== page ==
# How does RGB really work with subpixels?

first off, I’d really appreciate any help. I have googled relentlessly to try to understand this, but I’m too stupid to fathom it. Please attempt to explain this to me in plain English if you can.

I have recently learned about how subpixels work in an RGB LCD display, and that there are 0-255 numbers that represent each color.

Now, as far as I understood in the past, different wavelength photons (like red and green making light appear yellow for example) could strike your eye cones and change the perceived color. But from what I understand, the 0-255 number for RGB represents the voltage of the subpixels and thus allows more or less light to pass through the twisted nematic crystal. So ultimately, it’s the amplitude (number of photons) that changes with red, blue, and green colors. This would mean that combining different amplitudes of a given wavelength for red, green, and blue could change the color you perceive…but how is that any different than brightness? Brightness increases the amplitude and therefore the amount of photons striking your eyes.

If I use a testing website and set the value of red to 200 for example(0,0 for green and blue), the color is darker. Not just less bright, but the red is actually darker. So that means it must be a different wavelength, right? But this doesn’t make sense since the subpixels can only adjust how much light makes it through the crystals.

Also, if I set the values to 255, 255, 255, it’s white, even at low screen brightness on my iPhone. But if I set the settings to 200, 200, 200, and turn the brightness to max on my iPhone, the color is gray, even though increasing brightness should make up for the subpixels letting less light in. But at 255, even at low brightness, the color stays white. So that must mean that amplitude (in terms of photons) isn’t the primary factor in colors right?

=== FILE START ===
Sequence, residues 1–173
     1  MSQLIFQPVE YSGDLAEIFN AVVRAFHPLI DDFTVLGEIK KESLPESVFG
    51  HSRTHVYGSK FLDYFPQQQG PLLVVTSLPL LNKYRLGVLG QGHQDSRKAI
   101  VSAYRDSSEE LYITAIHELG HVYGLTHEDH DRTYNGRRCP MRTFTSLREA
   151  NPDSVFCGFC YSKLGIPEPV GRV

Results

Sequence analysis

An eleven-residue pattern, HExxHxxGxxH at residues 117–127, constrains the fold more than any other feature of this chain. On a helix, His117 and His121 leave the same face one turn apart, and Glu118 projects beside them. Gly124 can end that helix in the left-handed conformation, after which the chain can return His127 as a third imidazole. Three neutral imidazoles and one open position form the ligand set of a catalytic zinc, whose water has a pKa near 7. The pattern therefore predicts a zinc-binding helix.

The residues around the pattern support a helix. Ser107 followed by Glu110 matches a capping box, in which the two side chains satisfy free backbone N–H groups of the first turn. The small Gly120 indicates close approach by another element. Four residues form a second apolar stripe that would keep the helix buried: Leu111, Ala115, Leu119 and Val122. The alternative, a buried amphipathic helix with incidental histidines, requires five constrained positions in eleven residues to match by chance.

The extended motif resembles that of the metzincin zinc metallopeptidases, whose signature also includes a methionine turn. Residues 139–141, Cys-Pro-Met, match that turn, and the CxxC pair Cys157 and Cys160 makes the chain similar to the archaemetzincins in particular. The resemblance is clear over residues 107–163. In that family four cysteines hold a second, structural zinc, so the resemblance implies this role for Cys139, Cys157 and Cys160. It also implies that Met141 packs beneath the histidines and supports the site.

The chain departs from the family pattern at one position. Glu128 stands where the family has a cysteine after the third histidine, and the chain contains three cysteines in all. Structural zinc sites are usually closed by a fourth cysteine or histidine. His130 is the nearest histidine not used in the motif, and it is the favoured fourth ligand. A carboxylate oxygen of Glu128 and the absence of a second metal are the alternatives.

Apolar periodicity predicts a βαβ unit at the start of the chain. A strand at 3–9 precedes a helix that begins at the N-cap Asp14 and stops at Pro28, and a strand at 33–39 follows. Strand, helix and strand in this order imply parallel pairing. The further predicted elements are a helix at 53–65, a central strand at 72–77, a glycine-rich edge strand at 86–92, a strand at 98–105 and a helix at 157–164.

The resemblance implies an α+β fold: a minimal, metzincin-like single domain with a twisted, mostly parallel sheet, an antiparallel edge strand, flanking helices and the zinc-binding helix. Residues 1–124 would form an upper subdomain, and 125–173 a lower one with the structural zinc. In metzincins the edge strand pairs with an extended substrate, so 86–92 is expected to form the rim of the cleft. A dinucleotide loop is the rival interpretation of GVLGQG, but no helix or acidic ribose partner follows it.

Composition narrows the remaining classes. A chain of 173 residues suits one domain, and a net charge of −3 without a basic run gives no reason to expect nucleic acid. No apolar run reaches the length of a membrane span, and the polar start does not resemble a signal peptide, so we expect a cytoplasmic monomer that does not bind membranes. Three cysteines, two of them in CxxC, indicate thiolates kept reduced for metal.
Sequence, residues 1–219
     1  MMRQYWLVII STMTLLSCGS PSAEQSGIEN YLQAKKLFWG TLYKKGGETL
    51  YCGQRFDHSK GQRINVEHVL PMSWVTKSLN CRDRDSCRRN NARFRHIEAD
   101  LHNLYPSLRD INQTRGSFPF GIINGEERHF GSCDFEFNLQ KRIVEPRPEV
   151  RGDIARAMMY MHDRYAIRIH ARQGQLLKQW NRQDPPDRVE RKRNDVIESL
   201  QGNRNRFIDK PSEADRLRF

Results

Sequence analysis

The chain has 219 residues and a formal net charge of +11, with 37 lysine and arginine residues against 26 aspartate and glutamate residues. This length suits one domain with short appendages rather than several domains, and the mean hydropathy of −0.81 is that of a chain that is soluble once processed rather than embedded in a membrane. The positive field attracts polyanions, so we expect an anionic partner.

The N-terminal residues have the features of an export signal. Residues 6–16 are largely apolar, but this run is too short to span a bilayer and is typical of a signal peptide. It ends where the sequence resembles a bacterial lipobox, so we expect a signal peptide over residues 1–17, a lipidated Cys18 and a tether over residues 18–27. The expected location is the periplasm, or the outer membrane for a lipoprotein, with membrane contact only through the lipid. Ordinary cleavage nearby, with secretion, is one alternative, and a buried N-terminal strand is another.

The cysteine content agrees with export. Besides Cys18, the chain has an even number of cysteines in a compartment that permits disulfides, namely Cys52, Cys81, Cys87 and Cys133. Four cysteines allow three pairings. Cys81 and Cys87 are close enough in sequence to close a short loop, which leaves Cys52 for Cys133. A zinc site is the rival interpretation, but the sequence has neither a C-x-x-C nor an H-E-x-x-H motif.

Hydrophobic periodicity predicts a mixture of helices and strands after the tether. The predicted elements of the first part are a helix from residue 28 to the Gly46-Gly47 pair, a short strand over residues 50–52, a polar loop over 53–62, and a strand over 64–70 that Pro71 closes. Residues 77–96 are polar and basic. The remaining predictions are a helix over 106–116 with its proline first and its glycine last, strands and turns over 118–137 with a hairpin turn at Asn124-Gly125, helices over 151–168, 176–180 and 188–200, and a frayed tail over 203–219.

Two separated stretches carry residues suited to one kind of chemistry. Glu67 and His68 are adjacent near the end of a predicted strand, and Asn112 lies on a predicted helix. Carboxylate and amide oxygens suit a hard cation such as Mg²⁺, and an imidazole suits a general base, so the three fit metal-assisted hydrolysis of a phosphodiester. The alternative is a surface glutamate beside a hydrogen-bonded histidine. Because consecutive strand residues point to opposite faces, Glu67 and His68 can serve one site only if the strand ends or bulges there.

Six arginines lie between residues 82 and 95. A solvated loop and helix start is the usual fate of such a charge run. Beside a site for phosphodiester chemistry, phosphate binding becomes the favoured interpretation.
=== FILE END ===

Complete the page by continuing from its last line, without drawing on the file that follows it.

Sorry if this post is unclear. Any help with helping me to understand would be amazing! If you need more clarification, please let me know. I love to learn and this physics question is driving me nuts!

• What's the difference between brown and orange? The Technology Connections YouTube channel has a number of good videos on rgb color, and this one points out a problem in your methodology. I mean, brown and orange are clearly different, right? youtube.com/watch?v=wh4aWZRtTwU Sep 8, 2022 at 7:04
• This seems to be to do with the biology of colour perception, and the quirks of screen programming. You might try taking a look at our Biology, Medical Sciences and of course Psychology & Neuroscience stacks. Since you seem interested/knowledgeable about computer screens, I've found this post you might be interested in. Sep 8, 2022 at 7:05
• Thank you guys. Sep 8, 2022 at 7:45
• Here's a good starting point, en.wikipedia.org/wiki/Opponent_process if you want to learn more about how human color perception is supposed to work. Sep 8, 2022 at 12:58

If I use a testing website and set the value of red to 200 for example(0,0 for green and blue), the color is darker.

(I assume you mean darker than 255,0,0.)

Not just less bright, but the red is actually darker.

I assume you mean by this that you perceive it as a different hue.